Origins of meteoritic nanodiamonds investigated by coordinated atom‐probe tomography and transmission electron microscopy studies

Josiah B. Lewis, Christine Floss, Dieter Isheim, Tyrone L. Daulton, David N. Seidman, Ryan Ogliore

Meteoritics & Planetary Science
First Published: 11 August 2019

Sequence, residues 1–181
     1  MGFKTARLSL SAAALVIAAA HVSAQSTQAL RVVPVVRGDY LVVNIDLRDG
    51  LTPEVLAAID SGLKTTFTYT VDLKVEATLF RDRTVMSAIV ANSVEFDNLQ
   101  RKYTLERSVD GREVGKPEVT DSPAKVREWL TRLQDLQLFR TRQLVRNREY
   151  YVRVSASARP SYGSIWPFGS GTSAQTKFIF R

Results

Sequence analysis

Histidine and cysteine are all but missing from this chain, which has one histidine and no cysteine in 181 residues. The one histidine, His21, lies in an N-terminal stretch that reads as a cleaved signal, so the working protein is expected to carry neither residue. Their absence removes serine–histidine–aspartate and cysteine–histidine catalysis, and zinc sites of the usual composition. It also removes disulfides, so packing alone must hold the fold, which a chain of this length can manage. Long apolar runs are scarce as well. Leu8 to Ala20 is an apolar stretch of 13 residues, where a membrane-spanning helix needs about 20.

“To constrain the origins of meteoritic nanodiamonds, the abundance ratios of stable C isotopes in acid residues from the carbonaceous chondritic meteorite Allende CV3 were measured using coordinated atom‐probe tomography (APT) and transmission electron microscopy (TEM). We combined our data with previously published APT data. A statistical analysis of this combined data set suggests an upper bound of 1 in 102 on the subpopulation that could have a large isotopic enrichment in 13C relative to 12C, consistent with the possible detection by secondary ion mass spectrometry of a similar enrichment in a 1 in 105 fraction, abundant enough to account for the Xe‐HL anomalous isotopic component carried by the acid residues. Supernovae are believed to be the source of Xe‐HL, leading to the mystery of why all other supernova minerals do not carry Xe‐HL. The lack of Xe‐HL in low‐density disordered supernova graphite suggests that the isotopically anomalous component is the nanodiamonds, but the disordered C in the residue is not ruled out. We discuss possible origins of the disordered C and implications of our results for proposed formation scenarios for nanodiamonds. At least 99% of the meteoritic acid residue exhibits no unambiguous evidence of presolar formation, although production with solar isotope ratios in asymptotic giant branch stars is not ruled out. Comparison of TEM and APT results indicates that a minority of the APT reconstructions may preferentially sample disordered C rather than nanodiamonds. If this is the case, a presolar origin for a larger fraction of the nanodiamonds remains possible.”